To rest upon a Divine promise with implicit confidence, and that in the face of great discouragement and danger, is surely something which we would not expect to find predicated of a people who were unsaved. Ah, truth is stranger than fiction. This very thing is depicted in God’s unerring Word. When Sennacherib and his great army besieged the cities of Judah, Hezekiah said, “Be strong and courageous, be not afraid nor dismayed for the king of Assyria, nor for all the multitude that is with him: for there be more with us than with him: With him is an arm of flesh, but with us is the Lord our God” (2 Chron. 32:7, 8); and we are told that “the people rested themselves upon the words of Hezekiah.” Hezekiah had spoken the words of God, and for the people to rest upon them was to rest on God Himself. Yet, less than fifteen years after, this same people did “worse than the heathen” (2 Chron. 33:9). Thus, resting upon a promise of God, is not, of itself, any proof of regeneration.
To rely upon God, on the ground of His “covenant” was far more than resting upon a Divine promise; yet unregenerate men may do even this. A case in point is found in Abijah king of Judah. It is indeed striking to read and weigh what he said in 2 Chron. 13 when Jeroboam and his hosts came up against him. First, he reminded all Israel that the Lord God had given the kingdom to David and his sons forever “by a covenant of salt” (v. 5). Next, he denounced the sins of his adversary (vv. 6-9). Then he affirmed the Lord to be “our God” and that He was “with him and his people” (vv. 10-12). But Jeroboam heeded not, but forced the battle upon them. “Abijah and his people slew them with a great slaughter” (v. 17), “because they relied upon the Lord God of their fathers” (v. 18). Yet of this same Abijah it is said, “he walked in all the sins of his father,” etc. (1 Kings 15:3). Unregenerate men may rely upon God, depend upon Christ, rest on His promise, and plead His covenant.
“The people of Nineveh (who were heathen) believed God” (Jonah 3:5). This is striking, for the God of Heaven was a stranger to them, and His prophet a man whom they knew not — why then should they trust his message? Moreover, it was not a promise, but a threatening, which they believed. How much easier then is it for a people now living under the Gospel to apply to themselves a promise, than the heathen a terrible threat! “In applying a threatening we are like to meet with more opposition, both from within and from without. From within, for a threatening is like a bitter pill, the bitterness of death is in it; no wonder if that hardly goes down. From without too, for Satan will be ready to raise opposition: he is afraid to have men startled, lest the sense of their misery denounced in the threatening should rouse them up to seek how they may make an escape. He is more sure of them while they are secure, and will labour to keep them off the threatening, lest it should awaken them from dreams of peace and happiness, while they are sleeping in his very jaws.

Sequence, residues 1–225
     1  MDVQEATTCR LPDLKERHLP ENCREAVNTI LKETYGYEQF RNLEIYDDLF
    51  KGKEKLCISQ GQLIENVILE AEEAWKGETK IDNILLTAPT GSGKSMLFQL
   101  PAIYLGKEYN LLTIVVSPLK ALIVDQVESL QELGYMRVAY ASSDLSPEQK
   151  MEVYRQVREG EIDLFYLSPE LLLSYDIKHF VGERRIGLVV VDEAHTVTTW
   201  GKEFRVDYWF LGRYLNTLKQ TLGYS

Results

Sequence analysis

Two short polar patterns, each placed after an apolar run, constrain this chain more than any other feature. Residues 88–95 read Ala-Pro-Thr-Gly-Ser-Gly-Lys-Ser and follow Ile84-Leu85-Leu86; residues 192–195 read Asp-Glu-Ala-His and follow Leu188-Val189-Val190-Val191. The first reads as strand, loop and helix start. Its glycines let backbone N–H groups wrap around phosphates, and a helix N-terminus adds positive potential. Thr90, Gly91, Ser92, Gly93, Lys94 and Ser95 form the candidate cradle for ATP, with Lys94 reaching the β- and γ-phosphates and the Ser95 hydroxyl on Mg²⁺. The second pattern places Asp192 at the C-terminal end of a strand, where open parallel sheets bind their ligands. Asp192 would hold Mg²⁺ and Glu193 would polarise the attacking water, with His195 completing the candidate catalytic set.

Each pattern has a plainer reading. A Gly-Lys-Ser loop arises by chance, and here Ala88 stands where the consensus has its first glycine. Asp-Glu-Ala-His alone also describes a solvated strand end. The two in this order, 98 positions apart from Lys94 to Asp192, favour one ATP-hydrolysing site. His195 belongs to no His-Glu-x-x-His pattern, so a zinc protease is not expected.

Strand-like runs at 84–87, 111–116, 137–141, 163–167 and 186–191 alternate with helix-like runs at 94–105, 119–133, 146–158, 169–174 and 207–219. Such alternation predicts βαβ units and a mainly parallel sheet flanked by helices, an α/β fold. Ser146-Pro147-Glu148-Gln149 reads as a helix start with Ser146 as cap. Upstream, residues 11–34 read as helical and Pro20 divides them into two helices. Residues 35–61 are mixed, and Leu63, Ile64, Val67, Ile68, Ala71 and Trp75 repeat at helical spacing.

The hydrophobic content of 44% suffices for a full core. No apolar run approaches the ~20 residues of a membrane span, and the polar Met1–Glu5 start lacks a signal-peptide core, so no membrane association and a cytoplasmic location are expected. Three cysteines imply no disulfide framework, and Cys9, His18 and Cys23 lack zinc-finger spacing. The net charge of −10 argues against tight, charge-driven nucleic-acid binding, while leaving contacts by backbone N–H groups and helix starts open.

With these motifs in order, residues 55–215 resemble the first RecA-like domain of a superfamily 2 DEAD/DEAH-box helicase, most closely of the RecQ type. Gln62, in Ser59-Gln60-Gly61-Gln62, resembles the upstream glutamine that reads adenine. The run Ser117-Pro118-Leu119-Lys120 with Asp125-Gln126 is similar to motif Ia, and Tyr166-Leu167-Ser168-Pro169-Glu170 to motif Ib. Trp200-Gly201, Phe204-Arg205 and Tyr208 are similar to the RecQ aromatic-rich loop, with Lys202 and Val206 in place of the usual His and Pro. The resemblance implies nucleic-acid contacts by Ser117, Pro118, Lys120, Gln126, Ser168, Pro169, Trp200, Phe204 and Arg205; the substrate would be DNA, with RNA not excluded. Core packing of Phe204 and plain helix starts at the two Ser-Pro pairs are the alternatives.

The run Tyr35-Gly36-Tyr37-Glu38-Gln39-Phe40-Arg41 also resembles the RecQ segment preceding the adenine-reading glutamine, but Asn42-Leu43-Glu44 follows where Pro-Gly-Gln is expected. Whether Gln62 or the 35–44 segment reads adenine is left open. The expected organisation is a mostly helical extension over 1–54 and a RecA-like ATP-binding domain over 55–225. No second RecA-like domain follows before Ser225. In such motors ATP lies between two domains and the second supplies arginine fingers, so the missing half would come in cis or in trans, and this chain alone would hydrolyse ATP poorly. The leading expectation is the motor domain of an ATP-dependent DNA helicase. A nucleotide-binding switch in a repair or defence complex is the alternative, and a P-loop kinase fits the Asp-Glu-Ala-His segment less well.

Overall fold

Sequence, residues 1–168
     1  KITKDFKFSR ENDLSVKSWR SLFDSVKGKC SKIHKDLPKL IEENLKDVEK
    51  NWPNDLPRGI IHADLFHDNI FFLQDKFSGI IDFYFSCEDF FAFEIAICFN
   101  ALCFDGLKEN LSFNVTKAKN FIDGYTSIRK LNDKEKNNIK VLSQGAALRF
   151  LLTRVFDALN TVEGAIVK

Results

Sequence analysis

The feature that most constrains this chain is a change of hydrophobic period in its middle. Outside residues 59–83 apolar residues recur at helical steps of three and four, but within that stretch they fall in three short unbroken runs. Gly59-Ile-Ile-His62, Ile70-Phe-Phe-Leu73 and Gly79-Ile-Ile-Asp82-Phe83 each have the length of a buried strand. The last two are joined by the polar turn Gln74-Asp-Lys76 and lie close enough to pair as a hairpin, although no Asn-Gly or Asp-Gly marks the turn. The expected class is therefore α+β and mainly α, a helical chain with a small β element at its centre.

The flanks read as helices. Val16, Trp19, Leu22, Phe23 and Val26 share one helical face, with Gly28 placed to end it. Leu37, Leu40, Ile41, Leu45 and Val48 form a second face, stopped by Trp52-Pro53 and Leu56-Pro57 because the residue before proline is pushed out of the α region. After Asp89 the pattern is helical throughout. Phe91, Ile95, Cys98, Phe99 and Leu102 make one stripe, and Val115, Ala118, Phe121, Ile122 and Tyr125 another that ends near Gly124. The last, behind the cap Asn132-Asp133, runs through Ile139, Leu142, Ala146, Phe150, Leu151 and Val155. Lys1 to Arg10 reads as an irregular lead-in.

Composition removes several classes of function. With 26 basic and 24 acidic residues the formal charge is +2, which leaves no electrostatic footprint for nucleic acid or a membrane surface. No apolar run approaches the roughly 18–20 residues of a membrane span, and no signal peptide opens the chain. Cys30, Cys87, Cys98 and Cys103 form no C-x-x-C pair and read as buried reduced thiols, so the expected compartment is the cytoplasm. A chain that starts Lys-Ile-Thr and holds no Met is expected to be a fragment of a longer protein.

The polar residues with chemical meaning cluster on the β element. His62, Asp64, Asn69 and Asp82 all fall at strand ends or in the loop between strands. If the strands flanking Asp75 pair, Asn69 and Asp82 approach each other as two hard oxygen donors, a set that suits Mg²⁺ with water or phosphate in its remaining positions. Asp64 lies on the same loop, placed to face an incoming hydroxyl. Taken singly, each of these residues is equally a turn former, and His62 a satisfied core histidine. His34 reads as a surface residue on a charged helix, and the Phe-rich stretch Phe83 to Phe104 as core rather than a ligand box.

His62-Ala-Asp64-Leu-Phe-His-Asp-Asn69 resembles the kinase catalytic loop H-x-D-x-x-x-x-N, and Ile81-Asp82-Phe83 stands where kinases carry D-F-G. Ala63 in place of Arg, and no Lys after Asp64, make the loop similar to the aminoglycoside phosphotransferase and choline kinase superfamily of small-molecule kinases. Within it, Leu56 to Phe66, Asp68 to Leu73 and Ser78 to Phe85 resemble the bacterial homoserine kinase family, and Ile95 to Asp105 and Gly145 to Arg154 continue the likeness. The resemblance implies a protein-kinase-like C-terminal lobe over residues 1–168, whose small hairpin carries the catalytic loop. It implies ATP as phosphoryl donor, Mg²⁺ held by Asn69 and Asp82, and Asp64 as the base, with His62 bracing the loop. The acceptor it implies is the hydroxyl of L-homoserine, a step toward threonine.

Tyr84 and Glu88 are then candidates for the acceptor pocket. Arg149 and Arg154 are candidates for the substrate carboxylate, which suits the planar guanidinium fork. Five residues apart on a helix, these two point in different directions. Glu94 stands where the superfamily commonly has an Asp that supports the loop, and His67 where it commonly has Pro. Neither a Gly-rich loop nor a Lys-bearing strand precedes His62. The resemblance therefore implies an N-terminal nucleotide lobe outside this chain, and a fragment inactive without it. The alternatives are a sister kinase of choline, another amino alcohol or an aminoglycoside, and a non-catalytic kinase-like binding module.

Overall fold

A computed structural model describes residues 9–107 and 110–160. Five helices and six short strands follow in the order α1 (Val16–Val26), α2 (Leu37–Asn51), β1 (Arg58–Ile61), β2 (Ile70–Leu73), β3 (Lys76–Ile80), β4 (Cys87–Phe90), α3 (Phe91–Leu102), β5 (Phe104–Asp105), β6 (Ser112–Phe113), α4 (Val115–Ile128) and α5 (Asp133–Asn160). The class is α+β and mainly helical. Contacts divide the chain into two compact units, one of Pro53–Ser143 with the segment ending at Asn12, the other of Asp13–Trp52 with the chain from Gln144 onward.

“But now, in applying a promise, an unregenerate man ordinarily meets with no opposition. Not from within, for the promise is all sweetness; the promise of pardon and life is the very marrow, the quintessence of the Gospel. No wonder if they be ready to swallow it down greedily. And Satan will be so far from opposing, that he will rather encourage and assist one who has no interest in the promise, to apply it; for this he knows will be the way to fix and settle them in their natural condition. A promise misapplied will be a seal upon the sepulchre, making them sure in the grave of sin, wherein they lay dead and rotting. Therefore if unregenerate men may apply a threatening, which is in these respects more difficult, as appears they may by the case of the Ninevites, why may they not be apt to apply (appropriate) a Gospel promise when they are not like to meet with difficulty and opposition?” (Dav. Clarkson, 1680, for some time co-pastor with J. Owen; to whom we are indebted for much of the above).